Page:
Crystal structure of the ALK (anaplastic lymphoma kinase) catalytic domain.Lee, C.C., Jia, Y., Li, N., Sun, X., Ng, K., Ambing, E., Gao, M.Y., Hua, S., Chen, C., Kim, S., Michellys, P.Y., Lesley, S.A., Harris, J.L., Spraggon, G.
(2010) Biochem J 430: 425-437
- PubMed: 20632993
- DOI: 10.1042/BJ20100609
- Primary Citation of Related Structures:
3L9P, 3LCS, 3LCT
- PubMed Abstract:
ALK (anaplastic lymphoma kinase) is an RTK (receptor tyrosine kinase) of the IRK (insulin receptor kinase) superfamily, which share an YXXXYY autophosphorylation motif within their A-loops (activation loops). A common activation and regulatory mechanism is believed to exist for members of this superfamily typified by IRK and IGF1RK (insulin-like growth factor receptor kinase-1) ...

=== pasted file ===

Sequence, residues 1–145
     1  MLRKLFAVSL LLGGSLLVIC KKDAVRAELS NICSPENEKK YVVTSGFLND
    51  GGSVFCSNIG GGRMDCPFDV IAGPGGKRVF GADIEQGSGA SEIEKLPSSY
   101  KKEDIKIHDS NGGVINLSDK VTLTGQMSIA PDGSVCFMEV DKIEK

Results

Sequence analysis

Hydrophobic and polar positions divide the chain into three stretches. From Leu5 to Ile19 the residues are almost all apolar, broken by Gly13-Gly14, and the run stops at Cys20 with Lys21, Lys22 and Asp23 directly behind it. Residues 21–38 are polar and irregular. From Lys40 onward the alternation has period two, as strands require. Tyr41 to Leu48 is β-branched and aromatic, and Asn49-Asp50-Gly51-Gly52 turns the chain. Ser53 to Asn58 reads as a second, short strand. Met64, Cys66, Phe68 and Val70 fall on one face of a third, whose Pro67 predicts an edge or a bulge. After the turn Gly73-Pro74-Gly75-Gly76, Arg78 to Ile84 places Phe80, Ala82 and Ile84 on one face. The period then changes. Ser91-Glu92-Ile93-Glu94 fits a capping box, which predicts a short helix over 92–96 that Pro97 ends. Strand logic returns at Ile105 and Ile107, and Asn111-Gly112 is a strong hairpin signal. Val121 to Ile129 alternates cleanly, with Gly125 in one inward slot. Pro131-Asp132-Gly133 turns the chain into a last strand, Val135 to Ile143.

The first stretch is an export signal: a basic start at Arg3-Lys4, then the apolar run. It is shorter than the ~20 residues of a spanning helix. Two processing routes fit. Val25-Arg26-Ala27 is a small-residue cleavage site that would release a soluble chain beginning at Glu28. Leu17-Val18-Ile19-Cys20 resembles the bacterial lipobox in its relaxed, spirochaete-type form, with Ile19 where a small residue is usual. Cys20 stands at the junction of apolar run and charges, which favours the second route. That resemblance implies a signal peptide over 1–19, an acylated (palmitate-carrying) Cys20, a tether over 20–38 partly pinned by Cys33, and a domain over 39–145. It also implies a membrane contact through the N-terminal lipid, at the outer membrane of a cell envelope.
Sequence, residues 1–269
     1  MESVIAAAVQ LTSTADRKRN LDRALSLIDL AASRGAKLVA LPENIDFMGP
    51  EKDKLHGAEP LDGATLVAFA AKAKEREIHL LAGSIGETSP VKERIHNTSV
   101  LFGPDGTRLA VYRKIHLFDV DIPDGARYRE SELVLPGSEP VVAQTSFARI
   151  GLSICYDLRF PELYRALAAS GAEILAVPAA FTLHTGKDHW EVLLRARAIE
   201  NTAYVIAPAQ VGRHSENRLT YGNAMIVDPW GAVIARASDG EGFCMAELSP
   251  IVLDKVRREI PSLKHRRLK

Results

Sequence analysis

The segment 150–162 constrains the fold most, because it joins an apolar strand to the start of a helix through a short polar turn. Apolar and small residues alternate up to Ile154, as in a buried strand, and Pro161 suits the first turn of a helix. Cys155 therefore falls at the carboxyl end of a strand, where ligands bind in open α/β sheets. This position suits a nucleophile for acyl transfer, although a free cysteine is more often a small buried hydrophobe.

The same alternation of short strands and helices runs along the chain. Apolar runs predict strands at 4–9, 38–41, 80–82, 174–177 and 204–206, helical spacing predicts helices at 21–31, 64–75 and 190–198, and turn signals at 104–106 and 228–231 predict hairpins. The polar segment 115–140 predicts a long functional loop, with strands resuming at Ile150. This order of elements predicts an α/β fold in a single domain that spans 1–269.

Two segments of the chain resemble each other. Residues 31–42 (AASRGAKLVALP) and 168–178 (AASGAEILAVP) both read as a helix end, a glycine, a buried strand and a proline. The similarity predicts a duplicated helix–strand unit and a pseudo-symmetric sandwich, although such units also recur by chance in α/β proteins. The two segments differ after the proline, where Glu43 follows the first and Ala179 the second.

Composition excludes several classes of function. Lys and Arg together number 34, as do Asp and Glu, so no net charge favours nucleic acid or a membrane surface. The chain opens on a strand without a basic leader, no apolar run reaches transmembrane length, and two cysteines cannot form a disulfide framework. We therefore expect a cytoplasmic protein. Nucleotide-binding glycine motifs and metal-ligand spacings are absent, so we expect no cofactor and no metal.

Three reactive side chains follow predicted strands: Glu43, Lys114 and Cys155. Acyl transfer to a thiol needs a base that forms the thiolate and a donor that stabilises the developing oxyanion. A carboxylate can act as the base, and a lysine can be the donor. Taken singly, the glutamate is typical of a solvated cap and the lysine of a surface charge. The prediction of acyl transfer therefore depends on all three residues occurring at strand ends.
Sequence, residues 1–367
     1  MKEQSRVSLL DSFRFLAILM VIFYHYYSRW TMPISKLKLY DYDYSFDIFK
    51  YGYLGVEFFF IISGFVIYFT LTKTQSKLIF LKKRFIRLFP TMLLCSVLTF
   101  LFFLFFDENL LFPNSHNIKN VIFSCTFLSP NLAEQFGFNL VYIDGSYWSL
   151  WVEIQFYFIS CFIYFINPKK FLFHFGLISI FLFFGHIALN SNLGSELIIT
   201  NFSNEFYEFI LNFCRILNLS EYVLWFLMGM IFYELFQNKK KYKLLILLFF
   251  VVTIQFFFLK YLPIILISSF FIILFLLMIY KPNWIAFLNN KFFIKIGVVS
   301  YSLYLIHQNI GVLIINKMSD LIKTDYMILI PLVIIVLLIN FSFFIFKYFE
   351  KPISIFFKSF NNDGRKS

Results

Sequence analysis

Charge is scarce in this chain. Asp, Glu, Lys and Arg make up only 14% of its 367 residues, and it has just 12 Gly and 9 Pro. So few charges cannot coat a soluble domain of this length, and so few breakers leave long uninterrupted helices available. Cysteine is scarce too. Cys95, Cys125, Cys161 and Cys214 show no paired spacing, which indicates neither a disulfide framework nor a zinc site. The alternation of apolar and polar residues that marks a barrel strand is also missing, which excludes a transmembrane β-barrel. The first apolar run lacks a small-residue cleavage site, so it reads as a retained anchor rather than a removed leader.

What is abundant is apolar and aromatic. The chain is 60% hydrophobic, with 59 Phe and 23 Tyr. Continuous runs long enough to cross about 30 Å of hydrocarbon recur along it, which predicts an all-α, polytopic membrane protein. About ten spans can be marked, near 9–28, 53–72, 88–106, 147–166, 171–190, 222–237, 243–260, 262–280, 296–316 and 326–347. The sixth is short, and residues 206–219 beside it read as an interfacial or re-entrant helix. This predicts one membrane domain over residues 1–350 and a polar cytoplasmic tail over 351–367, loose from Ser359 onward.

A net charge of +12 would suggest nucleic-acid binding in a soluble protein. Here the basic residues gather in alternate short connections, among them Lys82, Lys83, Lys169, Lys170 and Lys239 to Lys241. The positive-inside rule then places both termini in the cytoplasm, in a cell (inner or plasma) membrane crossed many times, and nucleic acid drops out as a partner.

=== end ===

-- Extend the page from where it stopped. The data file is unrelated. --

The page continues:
ALK (anaplastic lymphoma kinase) is an RTK (receptor tyrosine kinase) of the IRK (insulin receptor kinase) superfamily, which share an YXXXYY autophosphorylation motif within their A-loops (activation loops). A common activation and regulatory mechanism is believed to exist for members of this superfamily typified by IRK and IGF1RK (insulin-like growth factor receptor kinase-1). Chromosomal translocations involving ALK were first identified in anaplastic large-cell lymphoma, a subtype of non-Hodgkin's lymphoma, where aberrant fusion of the ALK kinase domain with the NPM (nucleophosmin) dimerization domain results in autophosphosphorylation and ligand-independent activation. Activating mutations within the full-length ALK kinase domain, most commonly R1275Q and F1174L, which play a major role in neuroblastoma, were recently identified. To provide a structural framework for understanding these mutations and to guide structure-assisted drug discovery efforts, the X-ray crystal structure of the unphosphorylated ALK catalytic domain was determined in the apo, ADP- and staurosporine-bound forms. The structures reveal a partially inactive protein kinase conformation distinct from, and lacking, many of the negative regulatory features observed in inactive IGF1RK/IRK structures in their unphosphorylated forms. The A-loop adopts an inhibitory pose where a short proximal A-loop helix (alphaAL) packs against the alphaC helix and a novel N-terminal beta-turn motif, whereas the distal portion obstructs part of the predicted peptide-binding region. The structure helps explain the reported unique peptide substrate specificity and the importance of phosphorylation of the first A-loop Tyr1278 for kinase activity and NPM-ALK transforming potential. A single amino acid difference in the ALK substrate peptide binding P-1 site (where the P-site is the phosphoacceptor site) was identified that, in conjunction with A-loop sequence variation including the RAS (Arg-Ala-Ser)-motif, rationalizes the difference in the A-loop tyrosine autophosphorylation preference between ALK and IGF1RK/IRK. Enzymatic analysis of recombinant R1275Q and F1174L ALK mutant catalytic domains confirms the enhanced activity and transforming potential of these mutants. The transforming ability of the full-length ALK mutants in soft agar colony growth assays corroborates these findings. The availability of a three-dimensional structure for ALK will facilitate future structure-function and rational drug design efforts targeting this receptor tyrosine kinase.
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